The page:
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Initiating SCADA projects in irrigation districts




Karimov, Askar, author
Leigh, Eric, author
Fipps, Guy, author
U.S. Committee on Irrigation and Drainage, publisher

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Delivering water efficiently through distribution networks is a priority for irrigation districts but often is a difficult goal to achieve. SCADA shows promise of improving operational efficiency, increasing flexibility in the amount and timing of water deliveries, and reducing spills and other losses in distribution networks. However, implementing SCADA in a district for the first time is a difficult process. Districts often do not understand or are distrustful of the technology. They often do not know or understand how their system actually operates, thus making it difficult to design SCADA systems and to determine operational parameters and control algorithms. Selecting equipment that is easy to integrate into district operations is not a simple decision. Simple tasks such as selection of sensors and communication hardware become time consuming because of the need to explain advantages and disadvantages of each component. District boards of directors are normally reluctant to spend money, which further complicates the process. Once SCADA is installed, district personnel have to be trained on how to use the equipment to perform daily operations. In this paper we discuss the process of implementing SCADA projects for the first time in a district that had no previous experience with such technology or control systems. The paper will cover both hardware aspects as well as human consideration, and discuss some of the many lessons learned.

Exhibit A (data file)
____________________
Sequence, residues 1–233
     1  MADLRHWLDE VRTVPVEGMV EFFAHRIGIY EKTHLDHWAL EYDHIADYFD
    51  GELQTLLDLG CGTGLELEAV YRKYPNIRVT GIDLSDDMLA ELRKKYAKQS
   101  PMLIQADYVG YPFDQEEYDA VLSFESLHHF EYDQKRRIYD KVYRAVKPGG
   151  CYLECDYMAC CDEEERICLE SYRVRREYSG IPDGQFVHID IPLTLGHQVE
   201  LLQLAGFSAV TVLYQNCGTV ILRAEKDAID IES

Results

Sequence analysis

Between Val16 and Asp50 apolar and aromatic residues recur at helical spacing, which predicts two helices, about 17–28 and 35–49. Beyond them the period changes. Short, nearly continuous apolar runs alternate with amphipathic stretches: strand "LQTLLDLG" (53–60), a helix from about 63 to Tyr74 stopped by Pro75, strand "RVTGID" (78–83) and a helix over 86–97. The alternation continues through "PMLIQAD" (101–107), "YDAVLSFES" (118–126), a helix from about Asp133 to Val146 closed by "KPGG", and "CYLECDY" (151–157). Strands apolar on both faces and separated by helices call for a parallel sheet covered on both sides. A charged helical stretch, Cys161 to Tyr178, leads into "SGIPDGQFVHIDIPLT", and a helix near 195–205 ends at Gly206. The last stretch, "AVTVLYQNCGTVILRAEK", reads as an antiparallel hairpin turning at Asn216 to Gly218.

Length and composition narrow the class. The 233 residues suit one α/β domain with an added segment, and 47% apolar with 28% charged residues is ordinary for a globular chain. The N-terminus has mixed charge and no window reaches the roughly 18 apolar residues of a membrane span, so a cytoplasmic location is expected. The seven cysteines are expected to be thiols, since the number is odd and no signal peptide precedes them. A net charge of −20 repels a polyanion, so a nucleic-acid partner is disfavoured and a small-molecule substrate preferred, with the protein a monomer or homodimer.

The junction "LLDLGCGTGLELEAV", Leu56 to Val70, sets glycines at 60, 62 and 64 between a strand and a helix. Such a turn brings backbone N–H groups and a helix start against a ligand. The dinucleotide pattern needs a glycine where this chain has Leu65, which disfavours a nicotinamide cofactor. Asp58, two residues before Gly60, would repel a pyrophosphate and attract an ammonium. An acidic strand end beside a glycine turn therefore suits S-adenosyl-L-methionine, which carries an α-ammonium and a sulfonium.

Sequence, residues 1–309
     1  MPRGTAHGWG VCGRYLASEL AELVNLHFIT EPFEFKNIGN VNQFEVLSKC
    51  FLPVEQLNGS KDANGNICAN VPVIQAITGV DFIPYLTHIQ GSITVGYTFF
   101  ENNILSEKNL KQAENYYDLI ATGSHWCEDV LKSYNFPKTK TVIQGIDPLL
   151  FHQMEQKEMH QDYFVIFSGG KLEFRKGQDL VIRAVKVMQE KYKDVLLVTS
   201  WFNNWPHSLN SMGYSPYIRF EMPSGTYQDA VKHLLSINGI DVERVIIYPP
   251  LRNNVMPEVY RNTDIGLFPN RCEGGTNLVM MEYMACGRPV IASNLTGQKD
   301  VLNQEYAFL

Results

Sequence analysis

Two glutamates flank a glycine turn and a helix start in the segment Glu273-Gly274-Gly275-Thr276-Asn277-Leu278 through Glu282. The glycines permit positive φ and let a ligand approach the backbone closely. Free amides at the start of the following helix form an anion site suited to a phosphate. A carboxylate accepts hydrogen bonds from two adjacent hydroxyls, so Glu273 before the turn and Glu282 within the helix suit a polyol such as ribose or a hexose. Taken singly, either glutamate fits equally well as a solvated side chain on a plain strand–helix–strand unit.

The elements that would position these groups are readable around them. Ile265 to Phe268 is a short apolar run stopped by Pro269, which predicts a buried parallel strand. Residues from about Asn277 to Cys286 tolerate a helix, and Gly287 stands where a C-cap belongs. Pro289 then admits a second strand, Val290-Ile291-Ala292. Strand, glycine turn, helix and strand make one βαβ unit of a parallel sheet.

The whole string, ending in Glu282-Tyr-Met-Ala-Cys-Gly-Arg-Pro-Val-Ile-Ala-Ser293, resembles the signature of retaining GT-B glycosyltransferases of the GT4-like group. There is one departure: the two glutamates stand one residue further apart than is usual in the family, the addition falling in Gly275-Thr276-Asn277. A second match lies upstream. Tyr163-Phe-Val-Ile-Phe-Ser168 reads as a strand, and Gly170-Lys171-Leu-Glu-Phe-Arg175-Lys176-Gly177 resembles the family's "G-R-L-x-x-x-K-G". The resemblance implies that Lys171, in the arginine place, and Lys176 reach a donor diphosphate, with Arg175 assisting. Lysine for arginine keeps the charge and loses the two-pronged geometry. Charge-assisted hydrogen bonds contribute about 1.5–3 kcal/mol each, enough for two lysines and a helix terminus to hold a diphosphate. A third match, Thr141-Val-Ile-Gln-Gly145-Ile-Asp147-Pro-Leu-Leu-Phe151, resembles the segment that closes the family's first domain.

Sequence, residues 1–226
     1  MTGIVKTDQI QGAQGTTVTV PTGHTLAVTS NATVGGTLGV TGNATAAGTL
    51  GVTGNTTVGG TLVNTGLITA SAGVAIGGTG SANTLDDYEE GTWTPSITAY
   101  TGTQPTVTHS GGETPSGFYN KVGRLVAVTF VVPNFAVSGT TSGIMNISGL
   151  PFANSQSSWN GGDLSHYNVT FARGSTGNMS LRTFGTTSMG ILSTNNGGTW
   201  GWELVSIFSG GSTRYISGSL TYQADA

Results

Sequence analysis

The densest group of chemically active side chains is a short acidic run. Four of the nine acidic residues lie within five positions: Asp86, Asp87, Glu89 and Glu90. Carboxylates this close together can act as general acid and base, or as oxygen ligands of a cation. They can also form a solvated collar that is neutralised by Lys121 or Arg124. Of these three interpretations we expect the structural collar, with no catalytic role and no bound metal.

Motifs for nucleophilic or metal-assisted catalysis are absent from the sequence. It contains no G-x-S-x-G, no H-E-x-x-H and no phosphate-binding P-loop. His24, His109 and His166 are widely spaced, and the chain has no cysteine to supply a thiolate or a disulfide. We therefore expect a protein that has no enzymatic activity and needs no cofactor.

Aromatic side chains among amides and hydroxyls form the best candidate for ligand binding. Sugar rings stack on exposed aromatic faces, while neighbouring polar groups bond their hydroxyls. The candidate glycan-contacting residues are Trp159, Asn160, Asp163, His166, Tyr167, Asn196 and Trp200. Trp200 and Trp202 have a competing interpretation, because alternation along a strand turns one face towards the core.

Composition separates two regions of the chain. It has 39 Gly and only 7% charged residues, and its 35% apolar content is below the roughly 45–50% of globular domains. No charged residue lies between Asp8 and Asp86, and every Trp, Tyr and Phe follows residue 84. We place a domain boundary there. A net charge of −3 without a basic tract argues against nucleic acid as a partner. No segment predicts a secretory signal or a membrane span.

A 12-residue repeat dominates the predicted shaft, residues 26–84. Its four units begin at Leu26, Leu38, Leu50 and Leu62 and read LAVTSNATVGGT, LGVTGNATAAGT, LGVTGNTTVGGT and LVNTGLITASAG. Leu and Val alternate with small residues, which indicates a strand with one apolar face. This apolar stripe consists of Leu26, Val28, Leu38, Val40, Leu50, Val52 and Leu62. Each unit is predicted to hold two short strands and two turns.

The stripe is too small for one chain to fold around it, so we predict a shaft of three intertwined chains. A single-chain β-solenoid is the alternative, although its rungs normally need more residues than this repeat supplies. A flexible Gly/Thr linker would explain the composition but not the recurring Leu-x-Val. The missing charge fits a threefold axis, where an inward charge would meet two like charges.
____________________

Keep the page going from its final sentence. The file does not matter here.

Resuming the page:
Presented at Meeting irrigation demands in a water-challenged environment: SCADA and technology: tools to improve production: a USCID water management conference held on September 28 - October 1, 2010 in Fort Collins, Colorado.

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